Date: Feb 05, 2008 Source: ORNL (
click here to go to the source)
An ORNL scientist who developed a technology for refueling experimental fusion energy devices and then adapted it for cleaning surfaces has received the right to manufacture and sell it for profit.
Energy Systems has signed a licensing agreement with Cryogenic Applications F, Inc., of Clinton, Tennessee, whose president is ORNL's Christopher A. Foster. The Clinton company has been granted the right to further develop and market an environmentally safe ORNL technology for surface cleaning. Specifically, it will be used to remove paint and radioactive contamination from surfaces by blasting them with pellets of frozen gases. The cleaning technology may replace the practice of washing parts with chlorine-containing solvents, which pollute groundwater and destroy Earth's protective ozone layer.
ORNL scientists Foster and Paul Fisher developed the cryoblasting process in conjunction with the Y-12 Plant. They are conducting a project for the U.S. Air Force at the Warner Robins Air Logistics Center (at Robins Air Force Base in Georgia) to develop a robot-compatible cryoblaster for stripping paint from military aircraft. Paint is removed so metal parts can be inspected for cracks and corrosion to determine if they can be placed back into service. As staff scientists with ORNL's Fusion Energy Division, Foster and Fisher hope to demonstrate to the Air Force that their cryoblasting process for stripping paint from aircraft is potentially faster, more efficient, and cleaner than other techniques.
A nonexclusive patent license agreement has also been made with Alpheus Cleaning Technologies Corporation of Rancho Cucamonga, California, for commercial use of the cryoblasting process technologies.
The licensed technologies include a method of freezing carbon dioxide and argon gases into pellets and a pellet-blasting centrifugal accelerator with an improved rotor and housing. Foster originally developed a centrifugal accelerator to fire pellets of frozen hydrogen gases (deuterium and tritium) into hydrogen plasmas to refuel fusion devices. One such centrifugal injector, which uses a high-speed wheel to accelerate the frozen pellets before injecting them into the plasma center, is used to refuel the Tore Supra tokamak in France.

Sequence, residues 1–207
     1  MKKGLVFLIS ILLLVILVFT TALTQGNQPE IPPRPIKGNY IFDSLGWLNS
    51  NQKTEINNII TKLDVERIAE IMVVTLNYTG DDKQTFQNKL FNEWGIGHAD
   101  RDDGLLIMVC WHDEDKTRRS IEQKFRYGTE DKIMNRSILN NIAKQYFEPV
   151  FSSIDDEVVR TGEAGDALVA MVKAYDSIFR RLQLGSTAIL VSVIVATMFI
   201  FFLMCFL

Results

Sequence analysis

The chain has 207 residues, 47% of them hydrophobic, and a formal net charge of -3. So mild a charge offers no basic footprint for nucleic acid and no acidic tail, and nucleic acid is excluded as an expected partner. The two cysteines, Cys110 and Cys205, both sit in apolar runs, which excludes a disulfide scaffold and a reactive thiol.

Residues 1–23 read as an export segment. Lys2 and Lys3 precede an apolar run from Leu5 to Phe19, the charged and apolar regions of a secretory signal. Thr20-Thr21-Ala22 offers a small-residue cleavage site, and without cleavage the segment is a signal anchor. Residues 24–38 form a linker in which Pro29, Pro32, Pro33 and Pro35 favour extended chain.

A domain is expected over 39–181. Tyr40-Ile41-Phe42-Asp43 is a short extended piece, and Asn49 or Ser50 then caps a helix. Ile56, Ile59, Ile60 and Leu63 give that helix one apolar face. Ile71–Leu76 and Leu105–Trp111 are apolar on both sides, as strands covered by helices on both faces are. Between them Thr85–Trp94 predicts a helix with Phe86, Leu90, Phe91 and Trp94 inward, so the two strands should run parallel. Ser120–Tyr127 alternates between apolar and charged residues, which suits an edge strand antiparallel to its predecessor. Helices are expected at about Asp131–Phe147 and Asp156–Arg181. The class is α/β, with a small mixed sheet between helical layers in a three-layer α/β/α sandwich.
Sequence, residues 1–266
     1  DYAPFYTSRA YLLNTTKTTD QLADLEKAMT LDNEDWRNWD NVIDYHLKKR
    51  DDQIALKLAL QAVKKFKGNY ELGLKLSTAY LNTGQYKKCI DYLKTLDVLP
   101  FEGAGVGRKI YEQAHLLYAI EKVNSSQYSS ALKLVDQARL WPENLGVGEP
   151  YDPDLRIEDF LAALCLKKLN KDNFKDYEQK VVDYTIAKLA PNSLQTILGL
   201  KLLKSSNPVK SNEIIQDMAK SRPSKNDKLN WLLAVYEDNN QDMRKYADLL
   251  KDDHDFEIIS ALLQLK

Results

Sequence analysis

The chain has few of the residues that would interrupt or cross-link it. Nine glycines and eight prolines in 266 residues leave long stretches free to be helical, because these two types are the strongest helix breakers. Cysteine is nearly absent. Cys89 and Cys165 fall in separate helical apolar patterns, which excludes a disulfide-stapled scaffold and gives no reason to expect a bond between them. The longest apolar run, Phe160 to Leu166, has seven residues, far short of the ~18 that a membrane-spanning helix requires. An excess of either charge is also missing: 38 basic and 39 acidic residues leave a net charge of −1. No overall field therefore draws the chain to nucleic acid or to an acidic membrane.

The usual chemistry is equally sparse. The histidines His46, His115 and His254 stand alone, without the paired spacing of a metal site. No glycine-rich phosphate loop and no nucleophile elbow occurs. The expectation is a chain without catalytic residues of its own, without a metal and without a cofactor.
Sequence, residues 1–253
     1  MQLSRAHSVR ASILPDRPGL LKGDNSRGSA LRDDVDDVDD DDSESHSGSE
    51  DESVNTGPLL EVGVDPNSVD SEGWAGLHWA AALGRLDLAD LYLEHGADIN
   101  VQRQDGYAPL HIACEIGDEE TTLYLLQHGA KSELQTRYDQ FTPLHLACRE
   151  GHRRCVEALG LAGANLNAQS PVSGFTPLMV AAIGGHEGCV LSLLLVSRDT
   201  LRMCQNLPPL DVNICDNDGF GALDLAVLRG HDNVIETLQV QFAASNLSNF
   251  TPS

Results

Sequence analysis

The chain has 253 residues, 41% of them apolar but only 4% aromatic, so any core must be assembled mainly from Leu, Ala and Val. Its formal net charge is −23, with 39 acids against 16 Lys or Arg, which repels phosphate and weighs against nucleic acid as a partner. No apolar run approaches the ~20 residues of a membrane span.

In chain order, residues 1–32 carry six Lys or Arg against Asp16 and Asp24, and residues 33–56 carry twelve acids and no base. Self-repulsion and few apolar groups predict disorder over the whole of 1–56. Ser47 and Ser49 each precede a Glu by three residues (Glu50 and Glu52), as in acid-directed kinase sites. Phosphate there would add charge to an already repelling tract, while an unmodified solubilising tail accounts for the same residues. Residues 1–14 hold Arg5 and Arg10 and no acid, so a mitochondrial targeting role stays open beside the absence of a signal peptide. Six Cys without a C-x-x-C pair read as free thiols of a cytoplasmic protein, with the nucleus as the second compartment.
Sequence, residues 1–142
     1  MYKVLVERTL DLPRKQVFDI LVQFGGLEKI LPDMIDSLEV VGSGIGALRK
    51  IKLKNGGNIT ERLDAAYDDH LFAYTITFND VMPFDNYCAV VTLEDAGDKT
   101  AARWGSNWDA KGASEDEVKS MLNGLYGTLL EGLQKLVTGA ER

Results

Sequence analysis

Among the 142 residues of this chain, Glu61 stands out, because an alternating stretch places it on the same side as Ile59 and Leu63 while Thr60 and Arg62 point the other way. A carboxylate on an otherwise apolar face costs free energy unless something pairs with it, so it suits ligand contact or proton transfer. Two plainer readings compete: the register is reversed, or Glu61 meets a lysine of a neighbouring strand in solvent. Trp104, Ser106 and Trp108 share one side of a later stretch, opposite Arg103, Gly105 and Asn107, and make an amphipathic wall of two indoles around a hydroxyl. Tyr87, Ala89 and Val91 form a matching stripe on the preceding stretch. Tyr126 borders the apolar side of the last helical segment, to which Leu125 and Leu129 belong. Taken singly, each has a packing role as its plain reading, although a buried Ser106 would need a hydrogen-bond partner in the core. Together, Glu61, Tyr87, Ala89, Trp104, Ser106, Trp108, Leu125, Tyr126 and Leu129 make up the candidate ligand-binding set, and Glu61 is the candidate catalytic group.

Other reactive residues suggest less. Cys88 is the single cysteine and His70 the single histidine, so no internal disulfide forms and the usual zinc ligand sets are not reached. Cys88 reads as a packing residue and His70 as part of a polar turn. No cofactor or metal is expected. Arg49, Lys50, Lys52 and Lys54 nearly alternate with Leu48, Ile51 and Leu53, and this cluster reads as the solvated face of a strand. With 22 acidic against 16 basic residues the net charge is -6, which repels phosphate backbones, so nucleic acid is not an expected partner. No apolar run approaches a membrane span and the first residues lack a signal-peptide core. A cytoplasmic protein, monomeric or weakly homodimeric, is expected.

"The advantage of the cryoblasting technique over conventional techniques for cleaning surfaces is that it does not leave a waste stream requiring additional cleanup," Foster says. "In cryoblasting, the frozen pellets evaporate into harmless gases, and the contaminants freed from the surface can be sucked from the air by vacuum systems with high-efficiency particulate absorbent filters."
The usual procedure for removing aircraft paint has been to bathe the planes in methylene chloride. Because use of this solvent is being discouraged by the Environmental Protection Agency, ORNL-developed centrifugal technology for blasting carbon dioxide, or dry ice, pellets may be useful to the Air Force and similar customers.
"A paint-stripping technology that uses compressed air to propel dry ice pellets is on the market," Foster says. "But our technology strips paint at a higher rate."
Cryoblasting also may replace sandblasting because it doesn't leave a sand-contaminated waste stream. At the Y-12 Plant, cryoblasting using argon pellets is being developed as a replacement for iron-bead blasting for removing oxides from metal surfaces. Because it is inert, argon will not react with reactive metals. Unlike the iron beads, the argon pellets evaporate into the air and do not add to the solid waste stream.
Larry Dickens of Energy Systems' Office of Technology Transfer negotiated the nonexclusive patent license agreement with Cryogenic Applications F.